Two previous efforts over the last decade were rejected by federal courts, who held that the FCC had failed to make the case that Congress had ever authorized the agency to police broadband, regardless of the agency’s best intentions.
So Wheeler decided to turn back the clock to a time when Congress had given the FCC broad power over an earlier communications technology — the monopoly phone company of the early 20th century. Through a legal fiction the chairman referred to as “reclassification,” the Internet will be redefined as a telephone service. The agency can then regulate broadband using laws passed to oversee Ma Bell, treating it the way it does the old (and now nearly dead) copper phone network. Those laws, or some uncertain subset of them, will now apply to the Internet.
While the goal of preserving the remarkably free and open global Internet is one that no one disagrees with, I have great fears about both the intended and unintended consequences this unprecedented shift in policy will have on the perpetual motion machine of innovation that the Internet has long supported.
And I’m not alone. On Tuesday, for example, at an event sponsored by the Georgetown Center for Business and Public Policy, I asked David Farber, professor of computer science and public policy at Carnegie Mellon and the FCC’s chief technologist from 2000 to 2001, what he thought of the FCC’s proposal. Farber, a principal inventor of the government networks that ultimately became the Internet, didn’t mince words. “Title II,” he said, “is a catastrophe.”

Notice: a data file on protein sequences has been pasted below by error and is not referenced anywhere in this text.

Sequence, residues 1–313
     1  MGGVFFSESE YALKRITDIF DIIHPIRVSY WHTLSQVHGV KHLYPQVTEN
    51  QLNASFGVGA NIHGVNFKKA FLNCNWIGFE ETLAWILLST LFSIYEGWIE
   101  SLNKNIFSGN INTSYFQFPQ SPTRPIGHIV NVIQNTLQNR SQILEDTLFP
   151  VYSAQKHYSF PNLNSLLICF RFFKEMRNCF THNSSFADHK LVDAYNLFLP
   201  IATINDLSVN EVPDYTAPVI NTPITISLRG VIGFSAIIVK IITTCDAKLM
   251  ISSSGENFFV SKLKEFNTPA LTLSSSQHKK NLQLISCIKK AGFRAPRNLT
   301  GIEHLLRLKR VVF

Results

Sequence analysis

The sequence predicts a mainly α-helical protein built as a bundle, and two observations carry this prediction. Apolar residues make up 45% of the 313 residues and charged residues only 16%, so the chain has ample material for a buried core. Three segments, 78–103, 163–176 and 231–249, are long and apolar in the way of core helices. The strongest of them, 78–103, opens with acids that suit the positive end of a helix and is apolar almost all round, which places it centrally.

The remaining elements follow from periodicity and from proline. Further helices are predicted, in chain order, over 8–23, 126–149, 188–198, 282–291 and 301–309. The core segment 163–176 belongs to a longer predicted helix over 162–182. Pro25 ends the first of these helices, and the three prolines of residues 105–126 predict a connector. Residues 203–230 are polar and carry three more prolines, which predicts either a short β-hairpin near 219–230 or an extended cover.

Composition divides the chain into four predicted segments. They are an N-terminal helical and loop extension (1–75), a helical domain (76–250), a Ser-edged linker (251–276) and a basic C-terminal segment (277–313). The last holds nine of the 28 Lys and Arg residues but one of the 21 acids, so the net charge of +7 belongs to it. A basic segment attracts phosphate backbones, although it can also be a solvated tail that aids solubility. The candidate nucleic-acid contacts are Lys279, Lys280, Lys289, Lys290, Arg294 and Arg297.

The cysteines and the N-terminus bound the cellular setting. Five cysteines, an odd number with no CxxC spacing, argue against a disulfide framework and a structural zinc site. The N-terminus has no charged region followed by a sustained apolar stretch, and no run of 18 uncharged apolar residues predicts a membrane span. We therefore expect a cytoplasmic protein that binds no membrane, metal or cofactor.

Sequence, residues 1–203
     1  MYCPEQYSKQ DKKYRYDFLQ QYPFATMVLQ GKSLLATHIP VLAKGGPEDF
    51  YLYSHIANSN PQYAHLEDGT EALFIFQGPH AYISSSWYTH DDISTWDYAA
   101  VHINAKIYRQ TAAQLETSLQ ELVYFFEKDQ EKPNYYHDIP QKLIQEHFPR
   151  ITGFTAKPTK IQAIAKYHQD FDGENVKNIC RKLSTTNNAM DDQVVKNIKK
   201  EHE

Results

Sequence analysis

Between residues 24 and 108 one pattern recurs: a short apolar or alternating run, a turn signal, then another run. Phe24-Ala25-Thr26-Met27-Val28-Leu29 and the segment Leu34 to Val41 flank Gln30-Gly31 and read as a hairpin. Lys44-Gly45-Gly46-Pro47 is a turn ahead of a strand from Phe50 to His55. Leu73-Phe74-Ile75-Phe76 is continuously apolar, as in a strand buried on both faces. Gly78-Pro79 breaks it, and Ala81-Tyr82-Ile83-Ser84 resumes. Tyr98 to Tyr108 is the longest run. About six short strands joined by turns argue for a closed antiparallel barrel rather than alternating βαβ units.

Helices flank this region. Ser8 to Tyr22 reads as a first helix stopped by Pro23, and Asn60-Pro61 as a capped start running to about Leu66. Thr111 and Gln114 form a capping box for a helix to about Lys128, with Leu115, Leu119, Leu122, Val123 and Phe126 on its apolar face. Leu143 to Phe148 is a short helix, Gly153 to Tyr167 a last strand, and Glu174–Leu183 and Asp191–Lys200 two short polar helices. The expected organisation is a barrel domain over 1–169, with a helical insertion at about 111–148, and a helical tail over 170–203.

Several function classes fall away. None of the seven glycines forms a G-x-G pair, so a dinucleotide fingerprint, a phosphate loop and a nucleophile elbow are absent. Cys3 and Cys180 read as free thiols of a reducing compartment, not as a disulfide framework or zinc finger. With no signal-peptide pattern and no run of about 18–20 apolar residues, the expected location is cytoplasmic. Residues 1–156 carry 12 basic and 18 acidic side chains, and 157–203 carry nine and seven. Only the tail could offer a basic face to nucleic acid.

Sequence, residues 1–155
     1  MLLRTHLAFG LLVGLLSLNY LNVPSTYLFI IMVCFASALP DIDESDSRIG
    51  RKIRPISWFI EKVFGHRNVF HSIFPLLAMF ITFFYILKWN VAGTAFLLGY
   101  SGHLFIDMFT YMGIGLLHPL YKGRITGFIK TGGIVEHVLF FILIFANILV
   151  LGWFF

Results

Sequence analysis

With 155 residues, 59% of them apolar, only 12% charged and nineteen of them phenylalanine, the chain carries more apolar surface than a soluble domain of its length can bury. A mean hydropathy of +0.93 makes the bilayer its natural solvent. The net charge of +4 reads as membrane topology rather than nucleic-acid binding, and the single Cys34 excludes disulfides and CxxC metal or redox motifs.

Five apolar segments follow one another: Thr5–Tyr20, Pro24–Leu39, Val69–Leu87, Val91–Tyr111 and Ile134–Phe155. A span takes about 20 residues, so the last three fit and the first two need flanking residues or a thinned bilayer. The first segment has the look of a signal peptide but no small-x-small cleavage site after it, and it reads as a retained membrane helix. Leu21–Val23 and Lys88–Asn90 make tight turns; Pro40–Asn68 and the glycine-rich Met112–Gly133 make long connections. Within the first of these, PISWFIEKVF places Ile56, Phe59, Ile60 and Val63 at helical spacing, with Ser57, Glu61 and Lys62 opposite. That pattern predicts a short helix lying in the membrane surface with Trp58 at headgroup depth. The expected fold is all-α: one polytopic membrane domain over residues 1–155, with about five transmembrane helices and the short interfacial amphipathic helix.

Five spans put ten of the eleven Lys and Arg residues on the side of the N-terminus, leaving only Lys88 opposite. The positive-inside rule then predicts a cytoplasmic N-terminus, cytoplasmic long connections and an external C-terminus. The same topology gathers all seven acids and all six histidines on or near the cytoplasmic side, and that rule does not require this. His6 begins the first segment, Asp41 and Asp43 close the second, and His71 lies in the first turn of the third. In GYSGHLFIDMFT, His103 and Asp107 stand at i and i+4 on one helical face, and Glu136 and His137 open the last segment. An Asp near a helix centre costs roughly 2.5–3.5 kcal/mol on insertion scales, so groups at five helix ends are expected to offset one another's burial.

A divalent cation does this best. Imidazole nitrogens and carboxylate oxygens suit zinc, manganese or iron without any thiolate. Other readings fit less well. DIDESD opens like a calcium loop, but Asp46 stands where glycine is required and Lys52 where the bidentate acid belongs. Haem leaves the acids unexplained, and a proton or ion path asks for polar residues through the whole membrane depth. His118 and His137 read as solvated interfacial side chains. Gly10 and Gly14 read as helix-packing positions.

On Wednesday, I testified before a House subcommittee at a hearing aptly-titled “The Uncertain Future of the Internet.” Uncertainty — of what the FCC intends to do, of how the courts will view their efforts, and how private investors in broadband infrastructure will respond — is now the order of the day.
That is both a significant and unfortunate course change. For most of the Internet era, as I told the committee, tech policy has been a bright spot in Washington. Not only has it been a rare example of bipartisanship, but also of regulatory wisdom.
Recognizing that the pace of technology change far exceeds that of lawmakers and regulators, the 1996 Telecommunications Act, passed by a Republican Congress and signed by Democratic President Bill Clinton, boldly announced that it was the policy of the United States “to preserve the vibrant and competitive free market that presently exists for the Internet and other interactive computer services, unfettered by Federal or State regulation.”
The governance of the Internet, for the most part, was left to the engineers who invented it, rather than to the whims of lawmakers and regulators.
For now, at least, that bipartisan view has been jettisoned, lost to an emotional and likely politically-motivated appeal by President Obama late last year. In a dramatic statement posted to the White House Web site, the president urged Wheeler to end the “light touch” era and replace it with one that would treat the Internet as governments treat other public utilities: as quasi-governmental industries like power, water, gas — and plain old telephone service.
While other witnesses at the hearing argued that the Title II gambit was simply the only way for the FCC to implement what the White House calls President Obama’s plan, the reality is that there were at least two alternatives that would have accomplished the president’s stated goals without the need for public utility regulation.